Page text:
ELECTRIFY THE ECONOMY
Iberdrola is committed with the electrification as the no regret option for a sustainable economy
The electricity sector is the best available energy vector to incorporate renewable facilities. Iberdrola promotes the decarbonisation of the economy through greater electrification, especially in sectors such as transport (through electric vehicles) and buildings (through heat pumps).
In order for electrification to be possible, we must create a level playing field for energy sources:
1. ALL ENERGY SOURCES (GAS, GASOLINE AND ELECTRICITY) must pay the cost of their emissions to the atmosphere, internalising the environmental cost. A uniform environmental taxation based on the "polluter pays" principle should be established.
Why renewable energies require complementary support relatives to the price of electricity?
Climate change is an indisputable fact and the solution is to decarbonize the economy. Renewable energy is one of the most efficient solutions for the climate change, with Iberdrola being a pioneer in renewable energy since 2000.
Many countries have set renewable energy targets based on a percentage of final energy consumption (i.e., consumption of gasolines, gas and electricity). Gasolines (mainly used for transport) and gas cannot be replaced at scale by renewable sources of energy; but electricity can be generated from renewables on a large scale, through wind, photovoltaic and hydroelectric plants. So electricity accounts for the majority of renewable energy so far and will continue to do so in the future. But renewable power plants concentrate most of their costs on construction, with a very low variable operating cost due to the use of natural resources: wind, sun or water. The greater the penetration of renewable generation, the lower the price of electricity in the wholesale market, making it difficult to recover the initial investment. This means that renewable generation requires complementary support relatives to the price of electricity in the market. So far, countries have recovered the cost of this support exclusively through levies applied to electricity bills, despite the fact that most support for renewables is intended to meet decarbonization targets which reflect consumption of gasoline.
This financing model increases electricity tariffs considerably: it makes clean energy more expensive, leaving it at a competitive disadvantage compared to more polluting energy sources. It means that electricity customers bear the cost of meeting targets that are driven by the energy consumption of conventional car users; it makes decarbonization more difficult. Therefore, all energy products should include in their final price the cost of their emissions and their proportional share of renewable support costs, according to "polluter pays" principle, so that customers are aware of the environmental cost of the energy they use.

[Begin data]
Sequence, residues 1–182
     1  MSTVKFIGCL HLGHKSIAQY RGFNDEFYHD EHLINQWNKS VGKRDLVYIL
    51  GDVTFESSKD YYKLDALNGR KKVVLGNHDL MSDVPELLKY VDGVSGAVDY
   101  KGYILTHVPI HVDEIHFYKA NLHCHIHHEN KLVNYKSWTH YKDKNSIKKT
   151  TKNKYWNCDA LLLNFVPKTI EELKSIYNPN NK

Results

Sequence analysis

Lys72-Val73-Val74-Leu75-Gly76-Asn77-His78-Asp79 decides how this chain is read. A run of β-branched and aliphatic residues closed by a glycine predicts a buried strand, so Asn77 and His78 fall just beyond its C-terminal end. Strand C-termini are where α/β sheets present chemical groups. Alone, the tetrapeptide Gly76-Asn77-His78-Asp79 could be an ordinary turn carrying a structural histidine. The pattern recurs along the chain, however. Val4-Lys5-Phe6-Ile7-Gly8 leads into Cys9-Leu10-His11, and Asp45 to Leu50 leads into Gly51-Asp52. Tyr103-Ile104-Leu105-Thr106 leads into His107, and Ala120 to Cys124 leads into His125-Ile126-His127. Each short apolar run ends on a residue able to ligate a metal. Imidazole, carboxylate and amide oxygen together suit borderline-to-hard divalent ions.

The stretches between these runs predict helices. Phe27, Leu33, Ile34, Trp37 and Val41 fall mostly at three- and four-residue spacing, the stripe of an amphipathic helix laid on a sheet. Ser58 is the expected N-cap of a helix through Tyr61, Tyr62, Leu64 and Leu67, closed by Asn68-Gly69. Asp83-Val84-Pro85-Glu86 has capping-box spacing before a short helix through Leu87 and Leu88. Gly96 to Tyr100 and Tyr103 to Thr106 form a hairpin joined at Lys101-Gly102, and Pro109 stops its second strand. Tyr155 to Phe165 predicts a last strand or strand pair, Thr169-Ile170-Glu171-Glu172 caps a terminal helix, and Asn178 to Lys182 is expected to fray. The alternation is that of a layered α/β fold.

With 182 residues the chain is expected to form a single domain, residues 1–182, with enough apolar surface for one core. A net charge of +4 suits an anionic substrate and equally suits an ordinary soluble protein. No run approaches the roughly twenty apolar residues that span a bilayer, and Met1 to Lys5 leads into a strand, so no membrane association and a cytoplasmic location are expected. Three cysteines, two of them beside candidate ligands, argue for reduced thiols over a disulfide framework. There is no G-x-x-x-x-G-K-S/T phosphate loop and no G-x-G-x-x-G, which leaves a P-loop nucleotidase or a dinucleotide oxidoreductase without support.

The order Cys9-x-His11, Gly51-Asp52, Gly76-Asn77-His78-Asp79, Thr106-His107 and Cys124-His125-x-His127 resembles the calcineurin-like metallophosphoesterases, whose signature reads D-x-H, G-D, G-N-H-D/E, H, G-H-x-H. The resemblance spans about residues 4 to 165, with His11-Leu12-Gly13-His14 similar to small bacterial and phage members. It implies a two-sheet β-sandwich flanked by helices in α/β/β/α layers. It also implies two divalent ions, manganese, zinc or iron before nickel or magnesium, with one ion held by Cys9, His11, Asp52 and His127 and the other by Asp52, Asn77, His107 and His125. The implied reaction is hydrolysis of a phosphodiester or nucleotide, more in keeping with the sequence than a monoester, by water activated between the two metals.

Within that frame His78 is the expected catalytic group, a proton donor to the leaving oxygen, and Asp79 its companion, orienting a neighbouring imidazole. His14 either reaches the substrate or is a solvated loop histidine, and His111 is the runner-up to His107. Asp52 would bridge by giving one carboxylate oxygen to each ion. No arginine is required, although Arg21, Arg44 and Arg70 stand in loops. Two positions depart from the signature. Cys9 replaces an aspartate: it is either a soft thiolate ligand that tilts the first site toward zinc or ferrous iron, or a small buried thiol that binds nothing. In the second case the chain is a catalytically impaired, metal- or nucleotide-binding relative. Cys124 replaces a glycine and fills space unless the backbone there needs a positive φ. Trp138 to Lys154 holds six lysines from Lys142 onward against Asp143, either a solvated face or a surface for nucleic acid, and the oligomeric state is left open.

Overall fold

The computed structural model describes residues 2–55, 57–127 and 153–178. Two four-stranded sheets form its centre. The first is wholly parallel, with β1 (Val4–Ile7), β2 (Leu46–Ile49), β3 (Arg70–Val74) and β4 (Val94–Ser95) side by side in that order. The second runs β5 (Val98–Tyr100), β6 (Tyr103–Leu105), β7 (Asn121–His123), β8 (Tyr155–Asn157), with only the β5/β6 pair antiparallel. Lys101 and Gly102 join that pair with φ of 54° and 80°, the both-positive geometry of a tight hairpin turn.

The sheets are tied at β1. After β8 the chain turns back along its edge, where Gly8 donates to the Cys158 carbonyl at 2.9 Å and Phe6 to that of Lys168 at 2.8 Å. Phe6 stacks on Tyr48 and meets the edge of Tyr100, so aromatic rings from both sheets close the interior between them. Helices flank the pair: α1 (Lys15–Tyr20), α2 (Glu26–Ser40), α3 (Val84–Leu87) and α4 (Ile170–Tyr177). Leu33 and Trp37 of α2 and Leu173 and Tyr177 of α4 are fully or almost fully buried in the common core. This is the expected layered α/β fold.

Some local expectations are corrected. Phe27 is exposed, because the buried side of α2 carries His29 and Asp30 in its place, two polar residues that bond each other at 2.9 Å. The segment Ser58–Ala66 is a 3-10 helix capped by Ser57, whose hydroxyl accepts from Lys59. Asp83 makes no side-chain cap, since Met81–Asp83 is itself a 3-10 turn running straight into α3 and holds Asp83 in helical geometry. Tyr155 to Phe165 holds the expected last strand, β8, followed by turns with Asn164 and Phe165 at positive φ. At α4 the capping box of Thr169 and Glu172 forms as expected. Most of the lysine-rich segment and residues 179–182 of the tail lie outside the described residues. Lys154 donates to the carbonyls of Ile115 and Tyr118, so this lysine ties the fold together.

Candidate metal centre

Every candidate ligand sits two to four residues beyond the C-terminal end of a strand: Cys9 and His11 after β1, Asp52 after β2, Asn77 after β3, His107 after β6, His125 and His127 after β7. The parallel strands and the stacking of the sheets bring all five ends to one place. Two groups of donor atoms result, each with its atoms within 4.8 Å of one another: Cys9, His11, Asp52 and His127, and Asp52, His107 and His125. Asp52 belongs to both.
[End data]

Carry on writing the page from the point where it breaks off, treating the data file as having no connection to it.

Iberdrola, with more than 50% of its generation from renewables, is firmly committed to renewables, reward schemes that guarantee its development and a financing model that is equitable between all energies favoring the decarbonization of the economy.
2. THE BARRIERS TO ELECTRIFICATION MUST BE REMOVED, streamlining electricity tariffs to remove non-supply costs (i.e. social, industrial or environmental support policies), and promoting electric end uses:
- In transport, establishing ambitious objectives for electric vehicles in the total fleet of new vehicles and ensuring the deployment of a basic recharging network on public roads, providing confidence to owners and users.
- In buildings, establishing decarbonised solutions (such as heat pumps) in new and existing buildings.
Find out more about electric vehicle deployment
The EU has managed to reduce CO2 emissions by 17% in two decades, even though the transport sector has increased its emissions by 22% in the same period. Transport is now responsible for 26% of total European emissions. This is because the transport sector today continues to be based on petrol and diesel fuels and has been unable to make use of renewables in any significant way. It is worth nothing that 29% of the electricity consumed by Europeans is renewable, while in the transport sector renewables account for just 7% of the energy consumed. All this has made transportation the main cause of air pollution, with the serious effects that this entails for health, particularly in urban areas. Electricity can be the most environmentally sustainable energy source with the least emissions: the one that uses renewables most and the one that will use the most in the future. In addition, an electric vehicle's engine is much more efficient than the diesel or petrol engine. Electric vehicles are, therefore, the most effective way to transform transportation, resulting in the reduction in both CO2 emissions and air pollution. It is therefore necessary to implement a European-wide strategy that will facilitate large-scale developments of electric vehicles, promoting zero-emissions transport.
And now is a good time to take this forward. As the European Union is developing regulations both to implement a clean electricity system and to modernise the transport sector. This opportunity should be used to:
- Reduce the financial and regulatory barriers that hinder the development of electric vehicles.
- Seek to ensure that electric vehicles represent a reasonable share of the total number of new vehicles purchased in Europe.
- Promote the efficient deployment of recharging infrastructure at scale to facilitate market uptake.
Here at Iberdrola, we're contributing to the rollout of electric vehicles by developing and marketing public and private charging services. Iberdrola's green recharging solutions meet the needs of individual customers, companies and fleets, for zero-emissions mobility using energy from renewable sources, innovative services and the latest recharging technology.